Long-term medical management should be limited to older, sedentary individuals with infrequent and non-life threatening arrhythmias.11 The preferred alternative therapy for younger patients with frequent symptomatic occurrences or those individuals with life-threatening arrhythmia (such as atrial fibrillation, wide complex tachycardia, or compromising narrow complex tachycardia) is surgical or transcatheter accessory pathway ablation.
1. Bartlett TG, Friedman PL. Current management of the Wolff-Parkinson-White Syndrome. J Card Surg
2. Boriani G, Biffi M, Frabetti L, et al. Ventricular fibrillation after intravenous amiodarone in Wolff-Parkinson-White syndrome with atrial fibrillation. Am Heart J
3. Klein GJ, Bashore TH, Sellers TD. Ventricular fibrillation in the Wolff-Parkinson-White syndrome. New Engl J Med
4. Willems JL, Robles de Medina EO, Bernard R, et al. Criteria for intraventricular conduction disturbances and pre-excitation. Am J Cardiol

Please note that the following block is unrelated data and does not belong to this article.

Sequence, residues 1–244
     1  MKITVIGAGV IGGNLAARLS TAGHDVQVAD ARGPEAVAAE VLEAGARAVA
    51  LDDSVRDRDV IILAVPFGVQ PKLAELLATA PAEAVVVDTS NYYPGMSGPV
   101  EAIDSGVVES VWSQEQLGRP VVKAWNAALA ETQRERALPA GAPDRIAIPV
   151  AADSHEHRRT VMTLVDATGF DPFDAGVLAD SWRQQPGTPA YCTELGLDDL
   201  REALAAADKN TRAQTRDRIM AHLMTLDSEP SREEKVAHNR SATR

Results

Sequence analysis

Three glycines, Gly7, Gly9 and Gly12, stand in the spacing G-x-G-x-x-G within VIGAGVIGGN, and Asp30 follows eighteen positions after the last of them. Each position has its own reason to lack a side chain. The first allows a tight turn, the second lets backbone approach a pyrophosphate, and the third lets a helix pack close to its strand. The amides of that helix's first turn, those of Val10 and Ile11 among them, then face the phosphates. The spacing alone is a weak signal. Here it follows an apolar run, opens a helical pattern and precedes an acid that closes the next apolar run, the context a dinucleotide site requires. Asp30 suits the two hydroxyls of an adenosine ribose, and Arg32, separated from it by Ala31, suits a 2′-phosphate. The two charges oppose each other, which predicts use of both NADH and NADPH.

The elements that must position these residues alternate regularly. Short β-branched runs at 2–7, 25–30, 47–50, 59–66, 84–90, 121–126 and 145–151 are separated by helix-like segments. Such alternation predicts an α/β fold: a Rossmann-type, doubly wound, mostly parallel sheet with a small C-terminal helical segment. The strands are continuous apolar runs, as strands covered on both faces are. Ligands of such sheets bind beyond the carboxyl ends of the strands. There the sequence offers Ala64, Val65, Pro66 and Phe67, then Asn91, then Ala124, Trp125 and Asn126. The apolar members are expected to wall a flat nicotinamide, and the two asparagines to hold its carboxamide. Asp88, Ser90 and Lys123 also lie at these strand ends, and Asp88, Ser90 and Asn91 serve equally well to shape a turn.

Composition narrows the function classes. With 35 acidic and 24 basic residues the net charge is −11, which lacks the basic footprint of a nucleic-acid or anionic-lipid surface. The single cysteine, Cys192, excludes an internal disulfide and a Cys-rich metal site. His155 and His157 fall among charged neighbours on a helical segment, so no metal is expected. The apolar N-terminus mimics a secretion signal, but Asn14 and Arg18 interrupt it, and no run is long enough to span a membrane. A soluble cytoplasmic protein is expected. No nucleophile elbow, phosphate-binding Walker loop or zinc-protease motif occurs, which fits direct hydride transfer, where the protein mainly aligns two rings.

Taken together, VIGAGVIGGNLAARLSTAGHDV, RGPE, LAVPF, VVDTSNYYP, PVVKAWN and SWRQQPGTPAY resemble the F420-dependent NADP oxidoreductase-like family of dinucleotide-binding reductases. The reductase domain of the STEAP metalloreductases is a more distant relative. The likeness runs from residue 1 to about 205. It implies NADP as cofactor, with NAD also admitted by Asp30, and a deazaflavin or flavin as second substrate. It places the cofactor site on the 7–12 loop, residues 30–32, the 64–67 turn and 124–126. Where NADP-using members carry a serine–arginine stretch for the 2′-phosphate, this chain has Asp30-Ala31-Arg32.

5. Gaita F, Giustetto C, et al. Wolff-Parkinson-White syndrome. Identification and management. Drugs
6. Sheinman BD, Evans T. Acceleration of ventricular rate by amiodarone in atrial fibrillation associated with the Wolff-Parkinson-White syndrome. BMJ
7. Schutzenburger W, Leisch F, Gmeiner R. Enhanced accessory pathway conduction following intravenous amiodarone in atrial fibrillation. A case report. Internat J Cardiol
8. Boriani G, Biffi M, Frabetti L, et al. Ventricular fibrillation after intravenous amiodarone in Wolff-Parkinson-White syndrome with atrial fibrillation. Am Heart J
9. Gulamhusein S, Ko P, Carruthers G, Klein GJ. Acceleration of the ventricular response during atrial fibrillation in the Wolff-Parkinson-White syndrome after verapamil. Circulation
10. Sellers DT, Bashore TM, Gallagher JJ. Digitalis in the Pre-excitation syndrome: Analysis during atrial fibrillation. Circulation
© 2003 Lippincott Williams & Wilkins, Inc.
11. Waldo AL, Akhtar M, Benditt DG, et al. Appropriate electrophysiologic study and treatment of patients with the Wolff-Parkinson-White syndrome. J Am Col Cardiol